Last week, a bipartisan group of leaders of a U.S. House of Representatives committee told the Food and Drug Administration (FDA) in a letter,
"We appreciate the actions taken by FDA, but this pattern of unsafe and unproven therapies remains deeply concerning. Such treatments not only pose public health risks for patients, but also harm the future promise held by the development of stem cell therapy as a field."California also has been slow in dealing with the issue. State legislation to deal with the matter has been shunted aside. More than a year ago, the state's Medical Board created a task force to deal with the issue. The panel did not hold its first meeting until June 27 of this year and then with no public notice.
Experts who follow growth of the dubious clinics say more than 1,000 exist in the United States. The largest number are in California. The treatments are unproven and cost desperate patients thousands of dollars. The clinics have been linked with several cases of blindness and at least 12 serious infections. The FDA has filed lawsuits against two, including one in California, and sent 45 letters to clinics involving their practices.
The agenda for next week's state medical board meeting says only that an "update" will be delivered by the task force which consists of two members of the board, Randy Hawkins and and Howard Krauss. No action was specifically listed for the agenda item (No. 21), but the board couches its agenda in such fashion that it could legally act on any matter before it.
The Congressional letter to the FDA not only expressed serious concern about the proliferation of unproven therapies, but also said,
"The advertising strategies some of these clinics employ to attract some of the most vulnerable patients are particularly alarming. Some have advertised stem cell treatments to desperate patients with the most serious untreated illnesses, such as spinal injuries, Parkinson's disease, and multiple sclerosis. Some clinics have misled patients into believing that the therapies they offer are FDA approved or that they are being offered as part of an FDA sanctioned clinical trial."The chairman of the board of California's $3 billion stem cell agency, Jonathan Thomas, has called the treatments "snake oil." The agency, formally known as the California Institute for Regenerative Medicine (CIRM), is running out of cash. It is worried that a move to refinance the agency via a ballot measure next year could be harmed by voter confusion about the stem cell research.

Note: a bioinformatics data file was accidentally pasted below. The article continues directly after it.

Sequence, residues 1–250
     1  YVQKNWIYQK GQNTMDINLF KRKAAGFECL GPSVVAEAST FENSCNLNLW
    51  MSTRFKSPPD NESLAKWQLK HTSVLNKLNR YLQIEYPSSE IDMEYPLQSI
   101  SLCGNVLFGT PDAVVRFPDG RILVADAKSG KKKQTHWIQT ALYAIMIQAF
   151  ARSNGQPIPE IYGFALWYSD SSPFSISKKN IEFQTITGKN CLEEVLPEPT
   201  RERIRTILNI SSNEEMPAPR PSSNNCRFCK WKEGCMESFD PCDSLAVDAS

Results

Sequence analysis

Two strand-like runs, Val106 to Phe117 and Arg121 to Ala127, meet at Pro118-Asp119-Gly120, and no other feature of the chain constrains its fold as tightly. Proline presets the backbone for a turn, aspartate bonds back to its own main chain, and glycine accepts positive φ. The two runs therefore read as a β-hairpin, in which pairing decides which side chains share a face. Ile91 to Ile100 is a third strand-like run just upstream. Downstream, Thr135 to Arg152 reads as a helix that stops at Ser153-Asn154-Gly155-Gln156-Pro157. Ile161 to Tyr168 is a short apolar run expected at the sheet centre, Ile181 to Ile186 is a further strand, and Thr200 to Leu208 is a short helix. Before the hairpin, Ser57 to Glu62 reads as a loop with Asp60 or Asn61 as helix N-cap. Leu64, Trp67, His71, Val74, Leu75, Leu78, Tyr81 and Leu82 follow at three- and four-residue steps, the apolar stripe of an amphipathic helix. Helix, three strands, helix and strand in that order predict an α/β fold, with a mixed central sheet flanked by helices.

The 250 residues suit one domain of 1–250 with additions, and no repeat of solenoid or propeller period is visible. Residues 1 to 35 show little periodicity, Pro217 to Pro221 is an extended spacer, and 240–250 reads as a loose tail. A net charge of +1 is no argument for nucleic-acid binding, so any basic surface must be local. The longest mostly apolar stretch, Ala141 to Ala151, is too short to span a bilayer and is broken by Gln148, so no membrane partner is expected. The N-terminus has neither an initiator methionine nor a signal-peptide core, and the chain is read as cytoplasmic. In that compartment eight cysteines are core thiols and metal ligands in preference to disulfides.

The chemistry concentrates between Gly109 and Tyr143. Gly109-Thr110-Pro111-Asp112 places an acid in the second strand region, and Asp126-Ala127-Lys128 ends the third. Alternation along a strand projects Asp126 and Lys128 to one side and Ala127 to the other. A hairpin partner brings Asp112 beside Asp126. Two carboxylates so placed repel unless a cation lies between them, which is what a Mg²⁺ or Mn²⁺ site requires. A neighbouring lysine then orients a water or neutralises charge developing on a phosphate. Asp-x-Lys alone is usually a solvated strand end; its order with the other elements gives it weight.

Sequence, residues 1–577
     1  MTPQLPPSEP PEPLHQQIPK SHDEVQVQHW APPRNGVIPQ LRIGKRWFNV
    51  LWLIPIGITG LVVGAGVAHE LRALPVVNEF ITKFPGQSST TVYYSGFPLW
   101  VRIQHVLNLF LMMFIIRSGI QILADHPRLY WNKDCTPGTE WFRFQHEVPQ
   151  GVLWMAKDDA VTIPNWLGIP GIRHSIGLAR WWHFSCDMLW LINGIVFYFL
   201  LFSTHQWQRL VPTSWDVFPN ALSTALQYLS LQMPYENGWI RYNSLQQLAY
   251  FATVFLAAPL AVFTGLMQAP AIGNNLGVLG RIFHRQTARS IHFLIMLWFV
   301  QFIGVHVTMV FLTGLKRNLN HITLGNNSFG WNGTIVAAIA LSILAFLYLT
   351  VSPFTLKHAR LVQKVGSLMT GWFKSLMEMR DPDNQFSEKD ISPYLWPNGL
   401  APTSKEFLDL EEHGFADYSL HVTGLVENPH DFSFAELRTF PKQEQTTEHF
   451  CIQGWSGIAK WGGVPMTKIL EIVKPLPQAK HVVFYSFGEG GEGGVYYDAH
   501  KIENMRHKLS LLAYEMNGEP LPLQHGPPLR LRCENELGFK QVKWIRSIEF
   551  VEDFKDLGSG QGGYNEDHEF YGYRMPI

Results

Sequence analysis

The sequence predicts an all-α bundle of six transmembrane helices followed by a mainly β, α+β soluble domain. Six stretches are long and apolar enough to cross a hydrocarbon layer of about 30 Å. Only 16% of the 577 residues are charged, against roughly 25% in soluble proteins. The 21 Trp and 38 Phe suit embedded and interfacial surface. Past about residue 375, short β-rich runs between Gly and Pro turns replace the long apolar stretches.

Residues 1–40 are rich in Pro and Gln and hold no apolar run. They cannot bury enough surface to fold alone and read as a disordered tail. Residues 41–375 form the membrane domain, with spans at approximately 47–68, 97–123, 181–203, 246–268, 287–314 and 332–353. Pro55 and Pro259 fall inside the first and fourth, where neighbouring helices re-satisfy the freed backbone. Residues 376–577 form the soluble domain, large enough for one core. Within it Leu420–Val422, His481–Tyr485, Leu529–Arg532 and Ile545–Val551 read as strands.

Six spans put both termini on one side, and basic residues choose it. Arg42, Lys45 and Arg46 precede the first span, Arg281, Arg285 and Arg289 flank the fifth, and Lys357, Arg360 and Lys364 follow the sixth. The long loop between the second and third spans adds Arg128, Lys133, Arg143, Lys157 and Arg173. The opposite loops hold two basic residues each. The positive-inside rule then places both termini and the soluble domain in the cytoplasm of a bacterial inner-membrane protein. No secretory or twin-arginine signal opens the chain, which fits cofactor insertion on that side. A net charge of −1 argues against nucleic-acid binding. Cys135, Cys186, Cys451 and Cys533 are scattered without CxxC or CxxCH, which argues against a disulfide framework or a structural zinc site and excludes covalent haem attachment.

The congressional letter said,
"When providers offer harmful, unproven stem cell therapies outside of the clinical setting, they create confusion among patients and undermine public confidence in treatments that have been proven to be safe and effective through well-designed clinical trials. If we are to realize the potential clinical benefits of stem cell therapies, it is crucial that developers focus their efforts on the use of traditional developmental pathways that yield definitive results rather than promoting products with 'dubious clinical efficacy and possible risks.'"Next week's meeting is open to the public. Letters to the board can be emailed to executive director, Kimberly Kirchmeyer, at Kimberly.Kirchmeyer@mbc.ca.gov.